EV Life: 2 week update

Illustration for article titled EV Life: 2 week update

Even though we were delivered our Niro EV with barely above 10% charge, after using a DC fast charger once there were no further range issues. Even on 110V charging (which takes 59 hours to 100%) and normal commuting, my wife had no problems at all with keeping the car charged. Her commute varies wildly between 40 - 100 miles per day.


After installing a 220V outlet and a (removable) charger it looks like we’ll be charging her car about once a week, which is about how often she filled up with gas in her Versa. The car is set to only charge to 80% and only during off-peak hours.

My wife loves the car and her only complaint is the reduced visibility compared to her Versa. (This is where a dumber version of myself might make a joke about the state of the hubcaps on her Versa from constantly hitting curbs, but I’m clearly much smarter than that) We had to switch sides in the garage due to the location of the charger and we’re both still adjusting to that after about 10 years of parking on the opposite side.


Due to the adjustable regen (no one-pedal driving like the Leaf, unfortunately), the difference between Eco, Normal, and Sport driving modes is large. You can set what each mode does with options for climate control and regen strength. I’m partial to Sport mode with no climate and max regen because I’m weird and I like how different it makes the car feel from what I’m used to. My wife leaves the car in normal mode all the time with regen set to 1 out of 3. You can get a level 4 regen temporarily by holding the left steering wheel paddle and that will bring you to a complete stop. It’s interesting, but it’s an on/off switch so it’s nearly impossible to use smoothly. If it was my car and I drove it more often, I’d try to master it. The Leaf’s “e-pedal” mode is a superior implementation, though. There are also “auto” settings for regen, but they’re terrible because you never know how the car will behave when you lift off the gas.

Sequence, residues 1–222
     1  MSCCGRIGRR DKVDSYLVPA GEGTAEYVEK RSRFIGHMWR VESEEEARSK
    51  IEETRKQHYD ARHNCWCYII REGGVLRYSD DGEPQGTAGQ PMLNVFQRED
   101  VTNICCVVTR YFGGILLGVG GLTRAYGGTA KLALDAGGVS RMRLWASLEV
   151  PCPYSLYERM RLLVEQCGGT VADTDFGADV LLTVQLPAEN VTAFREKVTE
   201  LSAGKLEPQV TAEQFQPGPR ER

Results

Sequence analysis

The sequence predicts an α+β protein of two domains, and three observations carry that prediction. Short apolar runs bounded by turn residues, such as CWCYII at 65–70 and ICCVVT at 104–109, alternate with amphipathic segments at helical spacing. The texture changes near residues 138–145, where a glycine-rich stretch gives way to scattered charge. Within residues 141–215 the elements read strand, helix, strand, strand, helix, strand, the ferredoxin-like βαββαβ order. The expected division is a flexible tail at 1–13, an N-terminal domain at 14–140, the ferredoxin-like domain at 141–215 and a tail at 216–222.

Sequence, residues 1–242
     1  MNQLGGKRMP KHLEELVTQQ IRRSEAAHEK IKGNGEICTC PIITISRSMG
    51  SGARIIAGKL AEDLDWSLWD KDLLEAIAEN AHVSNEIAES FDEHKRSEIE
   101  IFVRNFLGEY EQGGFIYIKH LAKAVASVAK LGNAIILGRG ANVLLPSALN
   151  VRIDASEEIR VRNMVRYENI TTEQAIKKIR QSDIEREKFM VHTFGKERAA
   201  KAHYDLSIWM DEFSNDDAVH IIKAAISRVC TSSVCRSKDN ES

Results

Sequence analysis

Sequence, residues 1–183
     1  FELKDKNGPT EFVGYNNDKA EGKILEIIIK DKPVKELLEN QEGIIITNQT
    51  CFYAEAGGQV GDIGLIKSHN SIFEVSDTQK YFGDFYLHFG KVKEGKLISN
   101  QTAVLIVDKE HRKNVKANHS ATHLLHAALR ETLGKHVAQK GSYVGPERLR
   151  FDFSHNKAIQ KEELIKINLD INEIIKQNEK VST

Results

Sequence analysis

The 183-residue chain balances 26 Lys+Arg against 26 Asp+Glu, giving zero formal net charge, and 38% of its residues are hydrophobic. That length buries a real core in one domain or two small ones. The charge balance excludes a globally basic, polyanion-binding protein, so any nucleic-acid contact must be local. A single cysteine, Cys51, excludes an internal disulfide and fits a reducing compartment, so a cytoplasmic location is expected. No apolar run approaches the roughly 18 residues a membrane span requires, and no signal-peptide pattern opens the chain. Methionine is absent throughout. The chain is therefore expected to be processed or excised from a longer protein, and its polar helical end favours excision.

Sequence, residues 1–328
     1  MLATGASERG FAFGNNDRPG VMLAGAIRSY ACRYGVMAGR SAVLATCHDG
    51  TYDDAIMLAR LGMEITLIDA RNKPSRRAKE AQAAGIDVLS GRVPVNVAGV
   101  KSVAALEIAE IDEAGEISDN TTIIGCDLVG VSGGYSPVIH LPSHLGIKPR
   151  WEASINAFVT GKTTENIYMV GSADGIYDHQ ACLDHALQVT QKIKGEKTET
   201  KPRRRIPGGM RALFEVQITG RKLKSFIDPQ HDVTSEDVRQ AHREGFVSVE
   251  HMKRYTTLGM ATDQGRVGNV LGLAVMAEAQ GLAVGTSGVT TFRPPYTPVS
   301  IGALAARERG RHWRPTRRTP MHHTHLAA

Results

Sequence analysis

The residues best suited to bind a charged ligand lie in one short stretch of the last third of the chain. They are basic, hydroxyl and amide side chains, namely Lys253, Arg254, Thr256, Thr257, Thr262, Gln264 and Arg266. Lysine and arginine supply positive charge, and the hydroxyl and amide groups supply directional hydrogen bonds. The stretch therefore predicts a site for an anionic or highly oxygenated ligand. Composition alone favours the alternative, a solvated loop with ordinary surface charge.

Driving it fast with low regen is fun and easy. Good balance and instant torque makes for a nice (sporty? kind of.) daily driving experience. However, I’m having fun cranking up the regen and attempting to drive fast. It feels like you’re driving around in 1st gear except that there’s no redline. It’s challenging but rewarding to lift off going into a corner and letting the regen slow you down then easing back onto the power as you approach the apex. FWD and instant torque means you better not get on the power too early. If my wife ever lets me take her car to an autocross, you’ll be the first to hear about it!


When I tell people that we bought an EV, everyone here in the PNW assumes it’s a Tesla and gets pretty excited to hear more. Then I tell them that it’s a Kia and they don’t seem to have any followup questions. That’s for the best because most of my conversations about cars with Normal People are pretty awful. The last one was “what’s the point of washing your car in the winter? It’s just going to get dirty again.” Sigh.

Sorry this got a little long, but it’s been fun having an entirely new car experience. This weekend we’re taking the car on a 150 mile (one way) trip to Portland and back. I usually drive my STI for that trip and it’s pretty miserable in traffic, so I’m looking forward to it.

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